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Posted - 06/03/2007 : 3:08:07 PM

Information Added 6/3/07

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I recently acquired two more examples of Model 65. One of my first two was missing the extractor. One of the last two was missing the ball for the detent on the safety positions. One of these last 2 rifles also had been tapped for a scope and the other had the stock shortened. My intent was to use one gun as a parts bed to replace the missing parts on the other two. Having four examples to study has added the following observations to my notes.

Serial Number Range: 9957 to 14958 observed (As stated before the target models 65, 165, and 365 each appear to have had a dedicated serial number block (in succession) within the range for the Models 55, 155, and 255.

Hand fitting is evident throughout on this model.
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The tang length on the shotgun style trigger guard varies as much as .210” and is different on all four of these examples. The tang width varies as much as .015”. (This detoured me from an original consideration of moving the stock from the tapped gun to restore one of the unaltered actions.)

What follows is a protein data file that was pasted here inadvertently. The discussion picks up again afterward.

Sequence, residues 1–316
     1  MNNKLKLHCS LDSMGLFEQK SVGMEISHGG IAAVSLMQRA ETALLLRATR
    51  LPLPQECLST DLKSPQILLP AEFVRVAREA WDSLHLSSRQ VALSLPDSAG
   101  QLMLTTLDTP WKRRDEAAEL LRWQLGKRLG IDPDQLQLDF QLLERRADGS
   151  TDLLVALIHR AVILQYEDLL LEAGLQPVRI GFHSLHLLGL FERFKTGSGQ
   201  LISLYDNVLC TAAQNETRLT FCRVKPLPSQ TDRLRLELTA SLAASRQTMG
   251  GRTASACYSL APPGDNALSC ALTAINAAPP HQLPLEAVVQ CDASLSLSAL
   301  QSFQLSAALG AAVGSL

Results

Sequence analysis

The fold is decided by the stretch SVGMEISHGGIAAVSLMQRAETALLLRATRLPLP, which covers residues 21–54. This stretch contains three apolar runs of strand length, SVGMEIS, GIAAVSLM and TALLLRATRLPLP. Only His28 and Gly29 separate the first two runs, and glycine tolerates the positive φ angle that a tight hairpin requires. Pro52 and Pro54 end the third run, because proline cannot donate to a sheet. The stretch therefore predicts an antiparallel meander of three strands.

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Checkering “lines-per-inch”, number of rows, and placement on the grips and fore ends varies on every gun.

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It is now more apparent why the various pieces of the trigger guard (which contains the trigger and sear on the model 65) are numbered to match the gun.
Stocks had to have had the final fitting done individually by hand. For experimentations sake I swapped trigger guards around where tang length would accommodate it, and as suspected it severely effects the trigger. Extractors measure with .002 for width and length and in 3 out of four cases would interchange. On one rifle the bolt would not close on the extractor from another gun. Breech face cut not as deep on this example. Taking care to get all parts back where they belonged, I used the safety detent ball and extractor from the cut stock gun to complete the other three.

At this point in time I have test fired all three rifles successfully. I also zeroed the little Weaver B6 scope that came attached to SN 11775 (nicely done by the way). The optics and bluing on the modest old scope were still good. While altered from factory original, this gun is near mint and puts 5 shots through 1 ragged hole at 25 yrds. Needless to say, I abandoned my original idea that the gun might be a parts bed for one of the others. I can’t wait to try this gun on Ozarks bushy tails (squirrels). I was capable of shooting SN 9957 and SN 14958 almost as well with the open sights.

Note in addition to the hand fitting and checkering on these guns that stocks are all of a very good grade of figured walnut.

They are by far my favorite Model of HVA .22 rifle.

Good Collecting!!!!!!!!
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